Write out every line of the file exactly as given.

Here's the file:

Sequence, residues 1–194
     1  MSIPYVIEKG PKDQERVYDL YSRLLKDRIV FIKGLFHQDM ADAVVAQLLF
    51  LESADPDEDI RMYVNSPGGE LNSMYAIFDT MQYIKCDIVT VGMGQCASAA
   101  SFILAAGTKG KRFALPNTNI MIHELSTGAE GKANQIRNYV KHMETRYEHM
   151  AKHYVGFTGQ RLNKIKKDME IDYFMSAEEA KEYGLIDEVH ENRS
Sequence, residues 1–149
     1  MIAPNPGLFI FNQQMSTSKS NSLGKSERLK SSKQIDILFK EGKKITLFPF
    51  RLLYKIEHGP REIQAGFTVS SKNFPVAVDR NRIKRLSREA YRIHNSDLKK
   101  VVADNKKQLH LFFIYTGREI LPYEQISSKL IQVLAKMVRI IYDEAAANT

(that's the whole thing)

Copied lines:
Sequence, residues 1–194
     1  MSIPYVIEKG PKDQERVYDL YSRLLKDRIV FIKGLFHQDM ADAVVAQLLF
    51  LESADPDEDI RMYVNSPGGE LNSMYAIFDT MQYIKCDIVT VGMGQCASAA
   101  SFILAAGTKG KRFALPNTNI MIHELSTGAE GKANQIRNYV KHMETRYEHM
   151  AKHYVGFTGQ RLNKIKKDME IDYFMSAEEA KEYGLIDEVH ENRS
Sequence, residues 1–149
     1  MIAPNPGLFI FNQQMSTSKS NSLGKSERLK SSKQIDILFK EGKKITLFPF
    51  RLLYKIEHGP REIQAGFTVS SKNFPVAVDR NRIKRLSREA YRIHNSDLKK
   101  VVADNKKQLH LFFIYTGREI LPYEQISSKL IQVLAKMVRI IYDEAAANT